In October of 2013, 3 year old Elora had an insignificant fall on the playground. Two days later, at 5 am on the morning of October 11th, she woke up screaming and stumbled out of bed. She collapsed in the hallway. We rushed her to the ER, where she was diagnosed with a UTI and constipation. We walked away thinking this was the answer. The next morning, Elora could no longer walk, and she was constantly crying about her back hurting. We thought it was due to the UTI, so we continued her on the course of meds, but the meds seemed not to be helping. We took her to the pediatrician, who checked her urine and assured us that the infection was gone. They could not give us an explanation for the back pain and sent us on our way. We then took her to a pediatric chiropractor; we were thinking maybe she popped something out of alignment. She was adjusted, but it did nothing. The chiropractor told us that she had never seen or heard of a 3 year old with back pain like this. We pulled her out of her dance class, which left her heartbroken. Her new normal was to wake up and be carried from her bed to the couch for the day, since she could not walk. We took her to the pediatric orthopedist, who told us that she had separated cartilage in her ribs. We thought we finally had an answer. He told us it would get better in a bit, but if it didn’t to bring her back. At this point, Elora was on round the clock Tylenol and ibuprofen.
A week later, we brought her back to the orthopedist. The new doctor ordered x-rays, which showed nothing. She then ordered an MRI which was scheduled for November 4th. The night of November 1st, Elora woke up from sleep in spasms. She was screaming in pain. As her parents we could do nothing to help our child, our child who could not stop her body from tensing. We rushed her back to the ER, where they diagnosed her again with a UTI, and this time did an ultrasound to check her kidneys. The scan showed normal function, but this explained nothing. This meant more antibiotics, more Tylenol and more ibuprofen.
On November 4th, she was prepped for her MRI, sedated and sent back. We waited for a long time. The nurse came back in and said to us, “Normally at this point we come in and tell you the discharge process.”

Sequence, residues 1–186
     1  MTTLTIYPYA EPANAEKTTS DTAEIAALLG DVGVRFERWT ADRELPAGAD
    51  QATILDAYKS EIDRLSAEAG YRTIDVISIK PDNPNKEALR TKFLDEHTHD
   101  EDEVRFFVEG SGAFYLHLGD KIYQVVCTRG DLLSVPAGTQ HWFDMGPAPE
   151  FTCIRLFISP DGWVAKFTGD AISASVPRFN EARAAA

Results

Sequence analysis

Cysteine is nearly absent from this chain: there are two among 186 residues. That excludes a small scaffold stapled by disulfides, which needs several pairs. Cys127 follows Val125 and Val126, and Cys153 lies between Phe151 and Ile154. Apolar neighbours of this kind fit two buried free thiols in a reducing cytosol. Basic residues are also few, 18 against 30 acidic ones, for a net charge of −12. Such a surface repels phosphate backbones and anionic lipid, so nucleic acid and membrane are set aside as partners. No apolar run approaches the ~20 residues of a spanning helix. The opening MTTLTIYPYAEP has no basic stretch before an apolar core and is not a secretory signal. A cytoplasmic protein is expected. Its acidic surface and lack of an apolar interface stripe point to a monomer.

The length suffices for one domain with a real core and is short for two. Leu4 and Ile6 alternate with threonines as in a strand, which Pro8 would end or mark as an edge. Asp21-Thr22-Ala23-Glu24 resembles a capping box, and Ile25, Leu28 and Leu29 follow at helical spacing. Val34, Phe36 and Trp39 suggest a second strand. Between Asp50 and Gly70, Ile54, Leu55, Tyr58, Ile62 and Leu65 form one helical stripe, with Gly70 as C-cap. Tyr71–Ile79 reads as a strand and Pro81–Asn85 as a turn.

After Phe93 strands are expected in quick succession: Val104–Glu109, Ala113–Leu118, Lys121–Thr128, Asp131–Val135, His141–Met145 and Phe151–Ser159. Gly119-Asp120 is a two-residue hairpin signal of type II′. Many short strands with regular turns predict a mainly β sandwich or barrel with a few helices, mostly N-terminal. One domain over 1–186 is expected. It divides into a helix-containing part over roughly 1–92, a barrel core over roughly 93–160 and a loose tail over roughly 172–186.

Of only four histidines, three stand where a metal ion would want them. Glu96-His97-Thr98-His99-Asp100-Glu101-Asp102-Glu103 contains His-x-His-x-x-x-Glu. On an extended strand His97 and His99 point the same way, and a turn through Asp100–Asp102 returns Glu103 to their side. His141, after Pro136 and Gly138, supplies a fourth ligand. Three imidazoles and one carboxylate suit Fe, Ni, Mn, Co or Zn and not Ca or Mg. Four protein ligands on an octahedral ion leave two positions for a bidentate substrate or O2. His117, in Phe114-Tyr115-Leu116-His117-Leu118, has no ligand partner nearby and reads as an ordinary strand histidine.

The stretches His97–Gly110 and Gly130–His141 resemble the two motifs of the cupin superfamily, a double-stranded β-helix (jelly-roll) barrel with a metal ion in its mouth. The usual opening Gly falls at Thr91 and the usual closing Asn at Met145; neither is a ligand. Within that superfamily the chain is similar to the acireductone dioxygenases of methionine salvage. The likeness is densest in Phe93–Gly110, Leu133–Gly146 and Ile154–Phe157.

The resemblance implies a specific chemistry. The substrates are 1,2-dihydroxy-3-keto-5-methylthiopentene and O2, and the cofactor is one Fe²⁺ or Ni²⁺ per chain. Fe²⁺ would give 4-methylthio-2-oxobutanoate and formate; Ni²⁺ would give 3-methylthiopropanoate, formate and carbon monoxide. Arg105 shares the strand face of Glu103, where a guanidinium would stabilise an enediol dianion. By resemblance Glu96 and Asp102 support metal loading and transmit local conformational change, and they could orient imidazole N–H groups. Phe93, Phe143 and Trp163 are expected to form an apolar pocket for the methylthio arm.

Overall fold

We reacted with, “Okay, so tell us. What do you mean normally?”
She told us that she couldn’t say that the doctor would call us. A few minutes later, the doctor did call us. She said a bunch of things, but what I, Elora’s mother remember the most was, “I’m sorry, but your daughter has cancer.” We aren’t sure what our reaction was, perhaps a lot of screaming and crying, maybe we blacked out. How could our baby have cancer? She told us that Elora had lesions in her spine.
She was brought back to us, still asleep. We were told to take her to the children’s hospital for further testing. Her IV was left in since they would need to do more blood work at the hospital. After she woke up and ate something, we rushed over to the hospital. Even though she had an IV port, the lab said they were not trained to use it. They stuck her again to draw blood for the labs. We had to get a nurse from the ER to come over to remove the IV port. The Aflac Cancer Center told us report to them in the morning.
The next morning we met with the Oncologist. We asked so many questions. Elora had a bone marrow aspiration from both hips and well as a bone biopsy from both hips, and more blood work. The oncologist wanted to admit her that day; we asked to take her home for one last normal night. We bought her the biggest cupcake you could imagine; we watched movies and ate popcorn. We cuddled all night.